I’m not necessarily saying that either smiths or corporations should just be allowed to price-gouge if they can. I’m just trying to see if there’s any difference of principle here.
I think price controls and anti-price gouging laws should apply especially during times of national crisis. I mean we already do this with stores try charging four times the price for a generator whenever a hurricane hits.
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canpakes
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Re: Inflation

Post by canpakes »

Physics Guy wrote:
Sat Jan 15, 2022 3:15 pm
If so, then this just sounds like basic capitalism. The person who owns an anvil can make horseshoes for ten cents each, but sells them for fifty cents because that’s what people will pay. I can’t undercut them because I don’t have an anvil.
Should we compel the anvil owners to sell horseshoes for 15 cents? Or is the opportunity for lucrative price-gouging just their reward for investing in an anvil?

I’m not necessarily saying that either smiths or corporations should just be allowed to price-gouge if they can. I’m just trying to see if there’s any difference of principle here. The “capital” in capitalism is precisely about using expensive assets that most people can’t afford to lower your marginal production costs, and then getting rich by charging whatever the market will bear. So if we’re complaining about oligopolistic price-gouging, are we complaining about a bug in capitalism, or about its basic feature?

You’re absolutely right about this.

I haven’t seen a better basic system for the marketplace than capitalism, but it definitely can be abused.

Imagine that we’re not talking about diapers, but water. If I have enough money to drill the deepest well in my county and can pump enough water into my own reservoir to make all of my neighbor’s wells run dry, then I store it and sell it to them at increasingly greater cost as the overall supply dwindles elsewhere, at what point do questions of monopolization and ethics emerge?

But, in keeping with the diaper theme, how does the small startup compete on the slotting fee front?

https://www.vox.com/platform/amp/2016/1 ... allowances
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ajax18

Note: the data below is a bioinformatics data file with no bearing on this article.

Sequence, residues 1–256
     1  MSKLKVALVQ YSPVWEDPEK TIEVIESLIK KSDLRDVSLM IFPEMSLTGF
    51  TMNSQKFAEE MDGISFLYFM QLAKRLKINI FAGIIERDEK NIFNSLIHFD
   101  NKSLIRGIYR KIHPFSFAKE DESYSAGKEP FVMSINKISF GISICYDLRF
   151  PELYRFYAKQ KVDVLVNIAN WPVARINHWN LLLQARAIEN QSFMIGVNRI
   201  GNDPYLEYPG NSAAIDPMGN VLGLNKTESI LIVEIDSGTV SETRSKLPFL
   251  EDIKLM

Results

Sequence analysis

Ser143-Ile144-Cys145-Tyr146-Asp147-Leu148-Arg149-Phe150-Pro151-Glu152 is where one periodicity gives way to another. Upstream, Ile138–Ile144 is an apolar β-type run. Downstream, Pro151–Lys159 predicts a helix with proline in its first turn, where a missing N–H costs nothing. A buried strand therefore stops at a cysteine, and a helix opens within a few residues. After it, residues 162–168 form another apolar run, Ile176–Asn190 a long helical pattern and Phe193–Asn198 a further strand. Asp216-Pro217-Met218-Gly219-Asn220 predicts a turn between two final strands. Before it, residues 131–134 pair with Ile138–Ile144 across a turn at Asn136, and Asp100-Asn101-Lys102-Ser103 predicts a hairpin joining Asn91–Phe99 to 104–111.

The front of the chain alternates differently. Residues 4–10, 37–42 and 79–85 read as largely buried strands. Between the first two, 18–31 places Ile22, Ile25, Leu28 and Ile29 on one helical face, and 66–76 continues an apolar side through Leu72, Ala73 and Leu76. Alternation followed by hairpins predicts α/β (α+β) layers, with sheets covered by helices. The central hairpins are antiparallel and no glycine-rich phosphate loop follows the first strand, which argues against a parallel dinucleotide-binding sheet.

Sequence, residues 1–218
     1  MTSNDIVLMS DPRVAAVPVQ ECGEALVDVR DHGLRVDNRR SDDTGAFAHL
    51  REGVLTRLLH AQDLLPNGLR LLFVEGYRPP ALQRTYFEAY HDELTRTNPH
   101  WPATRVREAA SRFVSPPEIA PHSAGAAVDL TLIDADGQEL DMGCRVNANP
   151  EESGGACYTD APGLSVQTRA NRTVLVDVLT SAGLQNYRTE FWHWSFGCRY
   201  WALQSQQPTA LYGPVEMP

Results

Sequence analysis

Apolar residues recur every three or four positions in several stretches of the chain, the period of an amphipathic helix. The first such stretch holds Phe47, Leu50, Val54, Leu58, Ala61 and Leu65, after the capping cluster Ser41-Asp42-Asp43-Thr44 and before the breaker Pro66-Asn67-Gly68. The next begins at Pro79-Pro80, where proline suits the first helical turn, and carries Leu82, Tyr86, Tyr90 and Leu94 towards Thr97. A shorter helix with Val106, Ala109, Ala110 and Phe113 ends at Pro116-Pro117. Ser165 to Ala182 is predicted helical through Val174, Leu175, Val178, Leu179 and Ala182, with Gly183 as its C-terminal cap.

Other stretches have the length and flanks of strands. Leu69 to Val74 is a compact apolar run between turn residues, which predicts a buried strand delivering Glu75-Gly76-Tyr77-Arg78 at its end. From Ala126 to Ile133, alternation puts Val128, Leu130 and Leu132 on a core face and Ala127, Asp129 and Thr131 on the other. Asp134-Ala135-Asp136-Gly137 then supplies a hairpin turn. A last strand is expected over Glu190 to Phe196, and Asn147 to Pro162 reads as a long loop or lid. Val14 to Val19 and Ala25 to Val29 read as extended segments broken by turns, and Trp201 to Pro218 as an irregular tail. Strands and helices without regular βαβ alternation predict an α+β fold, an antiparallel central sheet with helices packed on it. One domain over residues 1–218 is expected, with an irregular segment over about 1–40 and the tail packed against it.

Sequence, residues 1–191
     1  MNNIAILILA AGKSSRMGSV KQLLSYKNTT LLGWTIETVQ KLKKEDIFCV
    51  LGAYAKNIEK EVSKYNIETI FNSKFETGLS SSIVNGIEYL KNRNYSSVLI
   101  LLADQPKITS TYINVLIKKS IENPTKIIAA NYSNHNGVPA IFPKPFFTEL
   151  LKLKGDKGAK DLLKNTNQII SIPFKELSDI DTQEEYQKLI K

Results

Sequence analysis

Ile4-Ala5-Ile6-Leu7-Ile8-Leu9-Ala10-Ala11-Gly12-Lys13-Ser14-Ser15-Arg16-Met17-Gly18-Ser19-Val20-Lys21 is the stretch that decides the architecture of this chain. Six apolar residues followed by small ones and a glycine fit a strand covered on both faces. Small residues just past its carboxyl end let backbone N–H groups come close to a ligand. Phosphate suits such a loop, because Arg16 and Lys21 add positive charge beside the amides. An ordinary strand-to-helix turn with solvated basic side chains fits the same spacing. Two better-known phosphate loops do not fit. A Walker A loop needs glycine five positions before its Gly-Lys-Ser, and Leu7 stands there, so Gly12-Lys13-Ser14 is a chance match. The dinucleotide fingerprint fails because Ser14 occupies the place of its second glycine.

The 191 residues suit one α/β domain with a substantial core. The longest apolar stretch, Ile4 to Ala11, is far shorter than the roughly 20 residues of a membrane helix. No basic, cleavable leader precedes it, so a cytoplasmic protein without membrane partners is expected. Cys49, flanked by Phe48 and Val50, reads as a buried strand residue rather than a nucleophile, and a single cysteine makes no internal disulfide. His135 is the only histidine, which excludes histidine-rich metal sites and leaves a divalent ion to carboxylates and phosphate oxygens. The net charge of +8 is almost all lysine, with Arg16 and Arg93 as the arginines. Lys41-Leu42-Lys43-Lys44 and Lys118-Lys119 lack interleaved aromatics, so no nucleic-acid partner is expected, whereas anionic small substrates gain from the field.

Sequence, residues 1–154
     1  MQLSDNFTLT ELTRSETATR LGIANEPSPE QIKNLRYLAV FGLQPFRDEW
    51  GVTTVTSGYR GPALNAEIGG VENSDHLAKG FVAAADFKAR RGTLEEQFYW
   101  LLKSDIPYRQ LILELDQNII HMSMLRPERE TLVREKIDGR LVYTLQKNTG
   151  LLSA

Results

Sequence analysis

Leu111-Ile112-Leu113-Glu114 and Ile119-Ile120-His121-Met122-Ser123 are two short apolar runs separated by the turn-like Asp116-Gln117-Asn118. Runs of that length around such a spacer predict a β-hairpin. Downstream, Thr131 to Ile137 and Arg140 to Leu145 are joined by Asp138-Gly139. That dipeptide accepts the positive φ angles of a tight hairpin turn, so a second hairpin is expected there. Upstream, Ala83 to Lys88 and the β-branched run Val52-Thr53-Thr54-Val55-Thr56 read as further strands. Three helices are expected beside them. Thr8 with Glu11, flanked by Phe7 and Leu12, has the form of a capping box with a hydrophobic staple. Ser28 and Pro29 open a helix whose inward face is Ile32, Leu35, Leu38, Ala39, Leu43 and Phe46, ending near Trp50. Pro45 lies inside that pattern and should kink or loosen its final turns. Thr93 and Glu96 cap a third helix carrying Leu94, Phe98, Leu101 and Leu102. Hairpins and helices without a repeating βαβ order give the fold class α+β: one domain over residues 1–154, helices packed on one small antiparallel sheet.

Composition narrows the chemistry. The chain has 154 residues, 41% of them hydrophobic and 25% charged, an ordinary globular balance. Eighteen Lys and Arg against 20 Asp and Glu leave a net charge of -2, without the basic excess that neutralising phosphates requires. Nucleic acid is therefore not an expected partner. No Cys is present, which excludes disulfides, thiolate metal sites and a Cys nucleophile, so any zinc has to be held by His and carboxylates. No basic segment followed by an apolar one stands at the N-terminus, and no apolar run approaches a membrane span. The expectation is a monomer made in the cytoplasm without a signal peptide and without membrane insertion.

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Re: Inflation

Post by ajax18 »

K Graham wrote:
Sat Jan 15, 2022 3:29 pm
Physics Guy wrote:
Sat Jan 15, 2022 3:15 pm
I’m by no means dedicated to laissez-faire but let’s just get our principles clear.

The big guys could sell diapers for less than they do, but I can’t start a diaper business undercutting the big guys because without their established distribution systems I can’t actually supply the diapers at lower cost than they charge. Is that it?

If so, then this just sounds like basic capitalism. The person who owns an anvil can make horseshoes for ten cents each, but sells them for fifty cents because that’s what people will pay. I can’t undercut them because I don’t have an anvil. Should we compel the anvil owners to sell horseshoes for 15 cents? Or is the opportunity for lucrative price-gouging just their reward for investing in an anvil?

I’m not necessarily saying that either smiths or corporations should just be allowed to price-gouge if they can. I’m just trying to see if there’s any difference of principle here.
I think price controls and anti-price gouging laws should apply especially during times of national crisis. I mean we already do this with stores try charging four times the price for a generator whenever a hurricane hits.
I think you'd put the nation into a perpetual crisis if it furthered your woke communist agenda.
And when the Confederates saw Jackson standing fearless like a stonewall, the army of Northern Virginia took courage and drove the federal army off their land.
K Graham
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Re: Inflation

Post by K Graham »

ajax18 wrote:
Sun Jan 16, 2022 12:34 am
K Graham wrote:
Sat Jan 15, 2022 3:29 pm


I think price controls and anti-price gouging laws should apply especially during times of national crisis. I mean we already do this with stores try charging four times the price for a generator whenever a hurricane hits.
I think you'd put the nation into a perpetual crisis if it furthered your woke communist agenda.
But given that you're an established moron, economic illiterate and fake "doctor," I doubt your idiotic opinions carry any weight here.

It is precisely this dismissive approach by idiot right wingers that fuel corporate greed. They're literally stealing from you, but you dont care because their theft currently hurts Biden. You're not a patriot, you're a traitor who worships an imaginary autocratic state that has nothing to do with being American.